February 2023

Keeping Up with H&F

Caps Off!

We are thrilled to celebrate with Heather McKee, Paralegal to Partner John Ellis, on her recent graduation from Delaware Law School! Please join us in wishing Heather many years of success as she begins this new chapter of her career.


Board Orders Treating Doctor to “Follow Directions” – Termination Petition Granted

Claimant sustained a 3/18/21 head injury, and was placed on an open total disability Agreement. On 5/23/22, Employer filed a Petition to Review seeking discontinuation of total disability benefits, based upon Dr. John Townsend’s defense medical examination release. Claimant contested the Petition, relying on Dr. Schaller’s opinion.

The Board found Dr. Townsend’s opinion most convincing that Claimant sustained a mild concussion in the incident and is capable of part time work up to a light duty capacity. Dr. Townsend testified that he would not expect a slip and fall injury to produce a severe concussion, as Dr. Schaller maintained. Dr. Townsend is a neurologist and performed various tests during two examinations that did show some residual issues, although not as debilitating as Dr. Schaller suggests. Dr. Townsend pointed out that Dr. Schaller bases his view that Claimant sustained a severe concussion on ImPACT testing, but the results were viewed improperly as there was no baseline testing performed as required. The ImPACT test is a 20 minute computer based test and Dr. Townsend pointed out that most people have some degree of photophobia when using a computer. While typically, an EEG (qualitative) test can tell if there is a structural abnormality present, it does not tell what the specific abnormality is and diagnostic imaging generally has to be done to parse that out. Dr. Schaller testified that this test indicates claimant has a permanent structural injury, despite the fact that uncovering or establishing permanent structural injury is not mentioned in the literature or website for the EEG test. The Board questioned why Dr. Schaller has not referred Claimant to a neurologist or for the relevant diagnostic imaging and did not find his testimony convincing that there would be limited or no value in doing so.

Should you have any questions concerning this Decision, please contact John Ellis or any other attorney in our Workers’ Compensation Department.

Manna v. State, IAB Hrg. No. 1509589 (Jan. 26, 2023)


When a Negligent Act Results in Death by Suicide: A Legal Analysis of Proximate Causation Standards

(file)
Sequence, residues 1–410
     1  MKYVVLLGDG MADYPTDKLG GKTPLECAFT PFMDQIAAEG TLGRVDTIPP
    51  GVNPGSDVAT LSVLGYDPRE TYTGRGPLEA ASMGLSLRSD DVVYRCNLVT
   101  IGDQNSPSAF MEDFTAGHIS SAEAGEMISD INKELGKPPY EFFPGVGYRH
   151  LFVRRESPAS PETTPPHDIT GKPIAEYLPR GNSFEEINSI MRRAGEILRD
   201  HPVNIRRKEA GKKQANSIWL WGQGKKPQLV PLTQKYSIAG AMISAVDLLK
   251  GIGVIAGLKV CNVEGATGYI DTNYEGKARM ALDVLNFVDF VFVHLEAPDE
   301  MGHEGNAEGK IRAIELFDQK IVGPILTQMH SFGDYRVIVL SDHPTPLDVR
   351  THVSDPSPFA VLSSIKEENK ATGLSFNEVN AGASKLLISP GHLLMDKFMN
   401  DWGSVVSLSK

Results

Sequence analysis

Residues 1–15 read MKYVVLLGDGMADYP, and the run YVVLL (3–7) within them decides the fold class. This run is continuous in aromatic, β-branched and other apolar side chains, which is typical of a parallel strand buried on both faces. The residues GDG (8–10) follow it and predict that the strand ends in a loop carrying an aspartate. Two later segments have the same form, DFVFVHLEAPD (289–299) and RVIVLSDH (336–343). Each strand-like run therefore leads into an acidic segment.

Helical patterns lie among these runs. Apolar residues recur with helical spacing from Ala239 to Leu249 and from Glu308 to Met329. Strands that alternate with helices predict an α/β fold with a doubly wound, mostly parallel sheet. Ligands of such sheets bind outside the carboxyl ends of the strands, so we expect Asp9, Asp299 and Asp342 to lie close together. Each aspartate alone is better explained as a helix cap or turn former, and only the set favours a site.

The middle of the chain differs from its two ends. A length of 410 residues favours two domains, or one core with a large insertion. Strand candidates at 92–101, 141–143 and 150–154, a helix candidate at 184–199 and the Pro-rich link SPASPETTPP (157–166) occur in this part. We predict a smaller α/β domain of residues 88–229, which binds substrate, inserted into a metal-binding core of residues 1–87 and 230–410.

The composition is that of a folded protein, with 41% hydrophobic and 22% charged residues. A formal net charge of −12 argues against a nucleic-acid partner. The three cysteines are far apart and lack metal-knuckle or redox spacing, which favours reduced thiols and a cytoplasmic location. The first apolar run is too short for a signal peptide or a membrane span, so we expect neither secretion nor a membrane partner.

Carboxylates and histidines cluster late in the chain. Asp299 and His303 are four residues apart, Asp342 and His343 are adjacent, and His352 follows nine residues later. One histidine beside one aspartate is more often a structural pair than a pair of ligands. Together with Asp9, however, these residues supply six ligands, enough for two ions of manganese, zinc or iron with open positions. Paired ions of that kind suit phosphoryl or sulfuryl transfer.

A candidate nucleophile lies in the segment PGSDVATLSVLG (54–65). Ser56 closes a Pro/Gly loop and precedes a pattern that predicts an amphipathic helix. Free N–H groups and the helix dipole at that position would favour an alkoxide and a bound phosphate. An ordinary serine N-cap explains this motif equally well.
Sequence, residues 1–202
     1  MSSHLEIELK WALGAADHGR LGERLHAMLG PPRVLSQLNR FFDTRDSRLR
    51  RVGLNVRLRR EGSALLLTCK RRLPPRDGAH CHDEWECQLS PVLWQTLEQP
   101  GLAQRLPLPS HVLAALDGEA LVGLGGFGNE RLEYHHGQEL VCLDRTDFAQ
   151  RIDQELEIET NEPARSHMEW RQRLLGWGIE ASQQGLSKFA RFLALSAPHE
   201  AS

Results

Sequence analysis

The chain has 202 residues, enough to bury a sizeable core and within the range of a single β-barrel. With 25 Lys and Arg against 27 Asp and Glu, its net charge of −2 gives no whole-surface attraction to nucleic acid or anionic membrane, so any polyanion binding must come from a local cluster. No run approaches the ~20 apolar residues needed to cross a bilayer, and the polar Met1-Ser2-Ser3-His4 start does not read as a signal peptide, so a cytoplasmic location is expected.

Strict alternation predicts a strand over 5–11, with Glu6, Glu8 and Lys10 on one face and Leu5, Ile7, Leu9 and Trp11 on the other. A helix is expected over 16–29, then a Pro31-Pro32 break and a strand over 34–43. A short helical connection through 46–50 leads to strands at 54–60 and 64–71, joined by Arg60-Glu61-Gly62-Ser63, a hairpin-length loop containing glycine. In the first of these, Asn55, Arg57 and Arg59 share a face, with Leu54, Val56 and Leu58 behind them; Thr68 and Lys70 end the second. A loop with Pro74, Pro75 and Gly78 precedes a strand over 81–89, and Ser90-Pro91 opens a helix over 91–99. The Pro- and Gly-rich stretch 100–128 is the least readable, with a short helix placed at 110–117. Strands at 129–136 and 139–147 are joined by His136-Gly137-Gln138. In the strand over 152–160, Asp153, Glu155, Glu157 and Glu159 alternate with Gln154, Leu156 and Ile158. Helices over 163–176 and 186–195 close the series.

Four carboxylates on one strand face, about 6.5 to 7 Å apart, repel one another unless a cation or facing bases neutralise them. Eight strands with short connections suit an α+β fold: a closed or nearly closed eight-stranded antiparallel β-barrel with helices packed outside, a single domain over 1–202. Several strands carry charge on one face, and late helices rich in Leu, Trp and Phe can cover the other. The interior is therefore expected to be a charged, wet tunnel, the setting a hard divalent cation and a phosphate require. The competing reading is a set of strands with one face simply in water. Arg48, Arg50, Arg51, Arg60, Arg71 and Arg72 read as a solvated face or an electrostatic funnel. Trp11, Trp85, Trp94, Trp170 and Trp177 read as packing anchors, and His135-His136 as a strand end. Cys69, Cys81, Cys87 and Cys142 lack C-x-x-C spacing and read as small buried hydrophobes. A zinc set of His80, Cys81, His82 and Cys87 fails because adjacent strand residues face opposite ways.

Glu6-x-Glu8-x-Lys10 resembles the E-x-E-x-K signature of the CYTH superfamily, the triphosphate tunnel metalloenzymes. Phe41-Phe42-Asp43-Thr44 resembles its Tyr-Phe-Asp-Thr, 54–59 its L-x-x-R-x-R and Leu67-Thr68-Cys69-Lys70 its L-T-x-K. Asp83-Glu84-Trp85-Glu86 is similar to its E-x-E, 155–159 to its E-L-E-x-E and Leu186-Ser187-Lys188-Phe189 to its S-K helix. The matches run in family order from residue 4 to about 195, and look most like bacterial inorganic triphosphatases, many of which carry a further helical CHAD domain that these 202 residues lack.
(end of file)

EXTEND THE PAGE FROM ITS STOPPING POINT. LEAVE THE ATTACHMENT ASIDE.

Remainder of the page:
The Superior Court clarified the applicable proximate cause standard when a negligence-based case allegedly results in death by suicide. In doing so, the Superior Court addressed standards adopted by various other jurisdictions, as well as a limited line of Delaware caselaw. The Court recognized three competing approaches with respect to liability for injury-based suicide: (1) an outright denial to recovery under the theory that suicide is always an intervening act; (2) an approach based on Restatement (Second) of Torts § 455, which permits recovery when “negligently inflicted injury leads to delirium or insanity, which in turn leads to suicide,” or (3) permitting recovery if suicide is “a reasonably foreseeable consequence of the negligently inflicted injury, regardless of the sanity or insanity of the tort victim.” See Porter v. Murphy, 792 A.2d 1009, 1014 (Del. Super. 2001).

The Court in Porter adopted the second approach, but with modification to what was deemed “archaic” language and instructed the jury: “If the negligence of the Defendants cause[s] mental illness which results in an uncontrollable impulse to commit suicide[,] then []the Defendants may be held liable for the death. On the other hand, if the negligence of the Defendants only causes a mental condition in which the injured person is able to realize the nature of the act of suicide, and has the power to control it if he so desires, the act then becomes an independent intervening force and the Defendants cannot be held liable for the death.” Id. at 1011, 1015.